But the Court shall not take into consideration-
Seventhly, any outlay or improvements on, or disposal of, the land acquired, commenced, made or affected without the sanction of the Collector after the date of the publication of the notification under Section 4, Sub-section (').
If the petitioners are not entitled by virtue of the said provision in Section 24 to reimbursement of outlay or improvement which they may make on the aforesaid lands, certainly they will not out of prudence construct or build upon them. Clause Seventhly in Section 24, therefore, operates as a restriction on the building activity on the aforesaid lands.
13. Our attention has been invited by Mr. Nanavaty to the decision of the Delhi High Court in Smt. Shanii Devi v. The Competent Authority under U.L. (C & R.) Act, 1976 Delhi and Ors. : AIR1980Delhi106 . The question whether the land in that case was 'vacant land' within the meaning of Section 2(q) of the Land Ceiling Act, arose before Delhi High Court. That land was under acquisition because notification under Section 4 of the Land Acquisition Act, 1894, was issued. In view of the operation of notification issued under Section 4 of the Land Acquisition Act, 1894, Delhi High Court held that building activity was not permissible on that land as no prudent person would construct on land already notified under Section 4 of the Land Acquisition Act as he would get no compensation for it unless the construction was made with the permission of the Collector. Therefore, in the opinion of the Delhi High Court, for all intents and purposes, effect of the notification issued under Section 4 was that building activity was not permissible on that land. Therefore, plots of land belonging to the petitioner in that case were excluded from the total holding of the petitioner in that case for the purposes of computing 'vacant land' under the 1 and Ceiling Act.
14. In reply, it has been argued by Mr. Takwani that expression not permissible under the building regulations in force' used in Sub-Clause (1) of Section 2 of the Land Ceiling Act means total impermissibility in the matter of building activity upon the lands in question and not qualified permissibility. In other words, according to Mr. Takwani, if construction of a building can be undertaken with the permission of the Land Acquisition Officer in case of a land which is under acquisition or with the permission of the Collector or the local authority in a case where there is a Town Planning scheme or a master plan in force, such a land cannot be said to be falling within the exception carved out by Sub-Clause (i) of Clause (q) of Section 2 of the Land Ceiling Act. Such a land, according to him, is one upon which building activity is permissible. We are unable to accede to the contention raised by Mr. Takwani. Non-permissibility contemplated by Sub-Clause (i) of Clause (q) of Section 2 in the Land Ceiling Act is not total impermissibility but it means absence of unfettered permissibility subject indeed to the ordinary building bye-laws of the concerned local authority.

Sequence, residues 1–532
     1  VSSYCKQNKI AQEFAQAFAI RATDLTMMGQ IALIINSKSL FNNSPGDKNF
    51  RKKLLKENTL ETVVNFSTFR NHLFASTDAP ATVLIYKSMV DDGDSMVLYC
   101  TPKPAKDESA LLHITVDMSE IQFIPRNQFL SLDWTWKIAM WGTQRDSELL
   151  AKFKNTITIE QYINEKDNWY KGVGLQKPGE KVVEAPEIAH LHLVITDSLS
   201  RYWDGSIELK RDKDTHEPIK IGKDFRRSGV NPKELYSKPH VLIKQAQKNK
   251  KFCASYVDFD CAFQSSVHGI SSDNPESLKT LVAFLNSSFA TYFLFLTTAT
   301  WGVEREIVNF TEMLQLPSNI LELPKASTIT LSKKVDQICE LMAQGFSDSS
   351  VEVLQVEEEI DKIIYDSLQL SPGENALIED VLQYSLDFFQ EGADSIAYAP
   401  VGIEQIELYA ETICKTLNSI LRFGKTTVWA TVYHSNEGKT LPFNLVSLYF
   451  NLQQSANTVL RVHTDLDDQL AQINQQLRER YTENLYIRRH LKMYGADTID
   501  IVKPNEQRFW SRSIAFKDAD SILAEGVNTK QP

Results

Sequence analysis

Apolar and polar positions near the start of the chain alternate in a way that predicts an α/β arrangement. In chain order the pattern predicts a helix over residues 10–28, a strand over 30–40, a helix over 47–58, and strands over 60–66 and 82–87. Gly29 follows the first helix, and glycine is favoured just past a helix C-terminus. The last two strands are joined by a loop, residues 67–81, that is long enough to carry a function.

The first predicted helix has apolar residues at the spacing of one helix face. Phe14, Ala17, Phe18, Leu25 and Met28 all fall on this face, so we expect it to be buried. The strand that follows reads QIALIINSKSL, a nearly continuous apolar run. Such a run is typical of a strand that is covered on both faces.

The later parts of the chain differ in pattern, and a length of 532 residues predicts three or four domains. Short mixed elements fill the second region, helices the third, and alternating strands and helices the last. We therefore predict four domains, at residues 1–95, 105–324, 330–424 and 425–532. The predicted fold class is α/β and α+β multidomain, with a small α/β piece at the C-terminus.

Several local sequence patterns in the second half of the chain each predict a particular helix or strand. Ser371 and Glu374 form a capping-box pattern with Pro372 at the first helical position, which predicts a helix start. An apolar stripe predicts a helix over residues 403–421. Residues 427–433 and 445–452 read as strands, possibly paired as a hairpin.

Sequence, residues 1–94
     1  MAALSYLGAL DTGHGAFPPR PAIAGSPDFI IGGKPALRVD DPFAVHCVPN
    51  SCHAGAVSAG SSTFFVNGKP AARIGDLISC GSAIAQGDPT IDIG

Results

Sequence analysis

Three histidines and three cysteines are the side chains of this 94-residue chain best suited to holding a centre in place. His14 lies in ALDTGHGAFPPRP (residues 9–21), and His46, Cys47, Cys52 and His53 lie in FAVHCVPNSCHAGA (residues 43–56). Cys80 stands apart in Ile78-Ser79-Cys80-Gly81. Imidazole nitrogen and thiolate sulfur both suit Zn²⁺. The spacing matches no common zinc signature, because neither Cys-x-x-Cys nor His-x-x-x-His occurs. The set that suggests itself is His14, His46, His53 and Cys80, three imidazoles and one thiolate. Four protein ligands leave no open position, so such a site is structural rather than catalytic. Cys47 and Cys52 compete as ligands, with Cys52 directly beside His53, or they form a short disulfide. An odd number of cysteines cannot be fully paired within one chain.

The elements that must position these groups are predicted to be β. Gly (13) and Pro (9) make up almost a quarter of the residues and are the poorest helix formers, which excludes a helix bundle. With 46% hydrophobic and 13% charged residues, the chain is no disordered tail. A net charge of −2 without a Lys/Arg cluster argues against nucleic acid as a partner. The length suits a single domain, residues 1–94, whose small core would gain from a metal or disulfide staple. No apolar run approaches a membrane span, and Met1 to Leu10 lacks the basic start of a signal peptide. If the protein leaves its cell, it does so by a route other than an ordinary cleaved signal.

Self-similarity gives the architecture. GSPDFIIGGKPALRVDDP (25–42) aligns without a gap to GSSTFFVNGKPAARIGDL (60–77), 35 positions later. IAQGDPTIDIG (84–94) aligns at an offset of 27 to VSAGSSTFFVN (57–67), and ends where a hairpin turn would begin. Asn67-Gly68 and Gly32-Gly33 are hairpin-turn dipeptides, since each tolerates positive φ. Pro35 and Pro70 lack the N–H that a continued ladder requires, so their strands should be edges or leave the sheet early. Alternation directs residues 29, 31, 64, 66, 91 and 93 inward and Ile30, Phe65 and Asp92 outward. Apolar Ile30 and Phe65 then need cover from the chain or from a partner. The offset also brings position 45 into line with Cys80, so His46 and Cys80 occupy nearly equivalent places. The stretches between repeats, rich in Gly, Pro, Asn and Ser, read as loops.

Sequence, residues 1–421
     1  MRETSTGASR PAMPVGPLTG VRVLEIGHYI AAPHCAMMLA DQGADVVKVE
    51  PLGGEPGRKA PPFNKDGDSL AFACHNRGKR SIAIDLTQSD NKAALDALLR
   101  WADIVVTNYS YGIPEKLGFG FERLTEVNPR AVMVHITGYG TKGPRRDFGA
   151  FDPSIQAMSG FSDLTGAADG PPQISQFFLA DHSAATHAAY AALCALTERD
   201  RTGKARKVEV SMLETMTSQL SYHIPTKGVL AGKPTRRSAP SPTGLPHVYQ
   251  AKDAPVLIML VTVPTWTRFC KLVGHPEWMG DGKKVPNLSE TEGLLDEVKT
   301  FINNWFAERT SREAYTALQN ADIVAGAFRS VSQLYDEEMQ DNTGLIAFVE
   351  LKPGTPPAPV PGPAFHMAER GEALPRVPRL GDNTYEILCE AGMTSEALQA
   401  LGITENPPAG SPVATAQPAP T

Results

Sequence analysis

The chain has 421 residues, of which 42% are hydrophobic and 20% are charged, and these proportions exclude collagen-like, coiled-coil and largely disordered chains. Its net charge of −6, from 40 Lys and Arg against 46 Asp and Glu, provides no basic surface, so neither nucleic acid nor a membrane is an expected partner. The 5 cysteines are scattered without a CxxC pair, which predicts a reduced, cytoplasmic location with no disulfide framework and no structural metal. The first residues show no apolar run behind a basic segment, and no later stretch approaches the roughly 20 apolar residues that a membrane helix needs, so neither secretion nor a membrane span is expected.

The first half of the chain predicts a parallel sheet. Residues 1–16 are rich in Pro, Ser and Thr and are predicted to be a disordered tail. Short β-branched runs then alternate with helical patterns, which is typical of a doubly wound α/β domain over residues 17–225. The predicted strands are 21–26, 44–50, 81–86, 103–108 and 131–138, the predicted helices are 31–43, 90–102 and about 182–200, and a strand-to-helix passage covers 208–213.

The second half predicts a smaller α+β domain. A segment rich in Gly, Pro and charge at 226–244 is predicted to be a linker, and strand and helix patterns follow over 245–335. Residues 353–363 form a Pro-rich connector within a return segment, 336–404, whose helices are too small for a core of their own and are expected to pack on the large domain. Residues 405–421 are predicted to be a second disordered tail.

15. In the view which we have taken, we are of the opinion that since the aforesaid lands are subject-matter of land acquisition proceedings and since they are included in Town Planning Scheme No. 29 of Ahmedabad Municipal Corporation, they are not vacant lands within the meaning of Section 2(q) of the Land Ceiling Act. Therefore, the provisions of Land Ceiling Act do not apply to the lands in question. The proceedicgs before the competent authority under the Land Ceiling Act are, therefore, liable to be quashed.
16. The next contention which Mr. Nanavaiy has raised is purely consequential. If proceedings in respect of the aforesaid lands before the competent authority under the Land Ceiling Act are liable to be quashed, obviously the land acquisition proceedings before the Land Acquisition Officer must go on. The Land Acquisition Officer cannot sit on fence and wait for the decision by the competent authority under the Land Ceiling Act. In the view which we have taken, the Land Acquisition Officer is liable to be directed to proceed ahead with the land acquisition proceedings and to make award in respect of the aforesaid lands.
17. In the result, all petitions are allowed. Proceedings under Land Ceiling Act in respect of the aforesaid lands pending before respondent No. 2, the competent authority under the Land Ceiling Act, are qvnshed as the aforesaid lands are not vacant lands under the Land Ceiling Act! gowever, we are not issuing to the Land Acquisition Officer a writ of mandamus in all these cases because he has not been made a party to these proceedings. The declaration which we have made in respect of the land acquisition proceedings does not, in our opinion, suffer from any infirmity because the Ahmedabad Municipal Corporation for whose benefit the land acquisition proceedings have been instituted is a party to these proceedings. Rule in each of the petitions is made absolute to the aforesaid extent with no order as to costs in the circumstances of the case.